FIG. 1 is a side view of a contact element according to the invention in an open position and a closed position being indicated I phantom form;
FIG. 2 is a top view of the contact element of FIG. 1 in the closed position;
FIG. 3 is a cross section along line A--A of FIG. 1 through the open contact element;
FIG. 4 is a schematic view of a cross section taken along line B--B of FIG. 2 with a foil therein;
FIG. 5 is a side view of another contact element according to the present invention having parallel contact arms;
FIG. 6 is a corresponding end view from which a flexible foil is to be introduced;
FIG. 7 is a cross section taken along line C--C of FIG. 5;
FIG. 8 shows the contact element of FIG. 5 in the closed state;
FIG. 9 is a cross section taken along line D--D of FIG. 8;
FIG. 10 shows the stamping layout of the contact according to FIG. 5;
FIG. 11 is a side view of a further embodiment of a contact element which is particularly suitable for a narrow conductor;
FIG. 12 is a rear end view of the contact of FIG. 1;
FIG. 13 is a cross section taken along line E--E of FIG. 11;
FIG. 14 is a side view of the closed contact element of FIG. 11; and
FIG. 15 is a cross section taken along line F--F of FIG. 14.
FIG. 1 shows a side view of a contact element 1 according to the invention. The contact element is produced from a metal sheet by stamping and forming. It has a first contact region 2 for making contact with a complementary contact and a second contact region 3 for making contact with a conductor on a flexible foil.
In the embodiment illustrated, the first contact region 2 is designed as a contact pin to be brought into contact with a corresponding socket contact. There is an intermediate region 4 between the first contact region 2 and the second contact region. The intermediate region 4 is substantially U-shaped in section and includes a locking lance 5. The U-shaped section has two side walls 6 and 7 and a bottom wall 8 from which the locking lance 5 is cut and bent. The U-shaped region is followed by a box-shaped region 9 in which the U-shape is closed by a top wall 10. Respective contact arms 11 or 12 are bonded to the top wall 10 and to the bottom 8. The two contact arms 11, 12 may have a slightly corrugated configuration. The contact arm 12 also includes tongues 13 on opposing sides bent toward the contact arm 11. These tongues 13 are arranged opposite one another in each case and are tapered at their free ends.
A flexible foil with conductor tracks thereon is introduced to the contact by first inserting a conductor track of the flexible foil between the two contact arms 11, 12. The tongues 13 are then pressed through the foil and the contact arm 11 is pressed downwards. The contact arm 11 is fixed by bending the free ends of the tongues 13 thereover, as best seen in FIG. 2. It can also be seen clearly in this figure that two sets of opposing tongues 13 are provided.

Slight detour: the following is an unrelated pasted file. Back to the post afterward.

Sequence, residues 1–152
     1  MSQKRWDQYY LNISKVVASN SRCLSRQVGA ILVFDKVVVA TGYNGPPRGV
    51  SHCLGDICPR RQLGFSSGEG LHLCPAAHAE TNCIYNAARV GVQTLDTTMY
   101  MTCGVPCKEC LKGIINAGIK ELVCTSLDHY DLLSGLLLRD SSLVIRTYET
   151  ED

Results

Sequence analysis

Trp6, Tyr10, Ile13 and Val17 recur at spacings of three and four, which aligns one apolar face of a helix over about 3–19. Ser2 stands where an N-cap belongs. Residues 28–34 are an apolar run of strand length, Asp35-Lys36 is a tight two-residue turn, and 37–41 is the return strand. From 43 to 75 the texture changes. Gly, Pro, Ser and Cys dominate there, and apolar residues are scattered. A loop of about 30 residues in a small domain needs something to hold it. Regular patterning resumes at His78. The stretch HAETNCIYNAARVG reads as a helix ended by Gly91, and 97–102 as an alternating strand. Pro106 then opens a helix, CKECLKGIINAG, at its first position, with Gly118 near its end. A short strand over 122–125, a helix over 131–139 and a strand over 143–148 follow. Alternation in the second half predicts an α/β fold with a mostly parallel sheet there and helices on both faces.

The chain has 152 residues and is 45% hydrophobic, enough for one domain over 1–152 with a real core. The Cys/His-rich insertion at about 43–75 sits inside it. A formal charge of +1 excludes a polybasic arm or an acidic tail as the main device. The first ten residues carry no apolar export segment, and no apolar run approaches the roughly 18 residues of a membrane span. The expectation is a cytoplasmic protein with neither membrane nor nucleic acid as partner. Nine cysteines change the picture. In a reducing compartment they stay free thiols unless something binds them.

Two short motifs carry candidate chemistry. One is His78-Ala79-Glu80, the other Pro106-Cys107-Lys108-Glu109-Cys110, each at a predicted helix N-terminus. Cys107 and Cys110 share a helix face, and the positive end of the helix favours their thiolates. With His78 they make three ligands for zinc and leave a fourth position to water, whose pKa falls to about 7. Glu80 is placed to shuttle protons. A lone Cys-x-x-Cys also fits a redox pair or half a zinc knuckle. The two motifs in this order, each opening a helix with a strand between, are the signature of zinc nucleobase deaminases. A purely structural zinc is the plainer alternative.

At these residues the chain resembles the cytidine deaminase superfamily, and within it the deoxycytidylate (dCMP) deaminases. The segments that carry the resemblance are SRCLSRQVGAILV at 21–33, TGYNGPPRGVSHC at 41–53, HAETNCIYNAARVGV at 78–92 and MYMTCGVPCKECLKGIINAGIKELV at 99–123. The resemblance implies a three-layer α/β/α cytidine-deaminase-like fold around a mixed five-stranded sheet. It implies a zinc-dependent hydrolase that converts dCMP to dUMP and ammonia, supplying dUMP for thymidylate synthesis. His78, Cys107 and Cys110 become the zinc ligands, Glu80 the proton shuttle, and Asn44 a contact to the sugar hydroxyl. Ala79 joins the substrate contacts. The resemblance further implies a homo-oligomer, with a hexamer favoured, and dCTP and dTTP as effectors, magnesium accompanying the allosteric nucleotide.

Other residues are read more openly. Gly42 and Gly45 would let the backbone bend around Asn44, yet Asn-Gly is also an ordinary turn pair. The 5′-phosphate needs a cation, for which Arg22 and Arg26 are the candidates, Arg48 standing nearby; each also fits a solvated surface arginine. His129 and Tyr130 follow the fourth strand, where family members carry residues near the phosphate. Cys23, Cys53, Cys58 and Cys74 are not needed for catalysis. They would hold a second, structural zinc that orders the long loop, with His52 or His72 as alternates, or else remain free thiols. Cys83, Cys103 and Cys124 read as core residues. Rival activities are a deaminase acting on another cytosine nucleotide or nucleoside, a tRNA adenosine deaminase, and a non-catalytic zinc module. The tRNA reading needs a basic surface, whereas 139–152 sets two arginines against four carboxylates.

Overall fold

Owing to the corrugated configuration of the contact arms 11 and 12, contact with the conductor of the flexible foil will be made at several points. It is therefore possible to bend the tongues 13 only to the extent that the corrugations are slightly elastically deformed and the contact force is applied by this elastic deformation. However, it is also possible for the tongues 13 to be crimped onto the contact arm 11, resulting in plastic deformation which also safeguards the electrical connection.
It can be seen from FIG. 3 that the tongues 13 extend at 90° to the contact arm 12. The contact arm 11 extends above the free ends of the tongues 13 in such a way that a foil can easily be introduced between the contact arm 11 and the contact arm 12.
In FIG. 4 a foil F is shown clamped between the contact arm 11 and the contact arm 12. It is not essential for the tongues 13 to be bent so far that contact is made between the contact arm 11 and the foil F in the region of the section line B--B. As shown in FIG. 1, there can be three contact points K1, K2, K3 which will engage the conductor even if the contact arm 11 does not lie completely against the contact arm 12. Therefore, two possibilities are imaginable: the first, involves crimping the tongues 13, thus providing the necessary contact pressure through plastic deformation, and the second, involves deforming the tongues 13 only until arm 11 is elastically deformed, whereby this elastic deformation of the corrugations leads to the contact force.
The side walls of the U-shaped intermediate region 4 each have recesses 14. In order to protect the contact elements 1, it is advisable to place them in a housing (not shown). Fastening the contacts 1 in a housing can be achieved with the locking lance 5 as well as by a second safeguard which cooperates with the recesses 14.
A different contact element 1 according to the invention are shown in the open state in FIGS. 5 and 6. The term "open state" denotes the state in which a flexible foil can be introduced into the contact element 1. It also comprises a first contact region 2 for making contact with a complementary contact, which in this instance is designed in the form of a tab. The contact element 1 further comprises a second contact region 3 for making contact with the conductor on the flexible foil and an intermediate region 4. The intermediate region 4 is substantially box-shaped in cross section, as shown in FIG. 6. Contact arms 11 and 12 are bonded to a top wall 10 and a bottom wall 8 of the intermediate region 4. Between the bottom wall 8 and the top wall 10 there are two side walls 15, 16. Side wall 15 connects the top wall 10 to the bottom wall 8. Side wall 16 is articulated on the bottom wall 8. As shown in FIG. 7, the side wall 16 is bent slightly inwards and the side wall 15 is buckled slightly inwards at a set bending point S. When the two contact arms 11 and 12 are pressed together, the intermediate region 4 is also pressed together and the walls 8 and 10 pressed against one another. The side wall 15 is therefore bent inwards a set point S as is the side wall 16.
The closed contact element 1 is shown in FIG. 8 and in FIG. 9. FIG. 9 shows how the parallelism of the walls 8 and 10 is ensured. This parallelism is safeguarded by the provision of side wall 16 which prevents excessive bending of the top wall 10 and bottom wall 8 along side wall 16. The parallel orientation of the contact arms 11 and 12 is particularly advantageous in ensuring reliable introduction and connection of the flexible foil between the contact arms 11, 12. The contact arm 12 is also provided with tongues 13 which are then folded over the contact arm 11 in the closed state. These tongues 13 can be formed opposite one another or mutually offset along contact arm 12. The corrugated configuration of the contact arm 12 ensures that contact is made with the conductor on the flexible foil at several points.
FIG. 10 shows a stamping layout of a contact according to the invention as shown in FIGS. 5 to 9.
Another contact element 1 according to the present invention is shown in FIGS. 11 to 15 essentially corresponds to the contact element in FIGS. 5 to 8. A difference resides in that the contact element according to FIGS. 11 to 14 is suitable for a narrower conductor.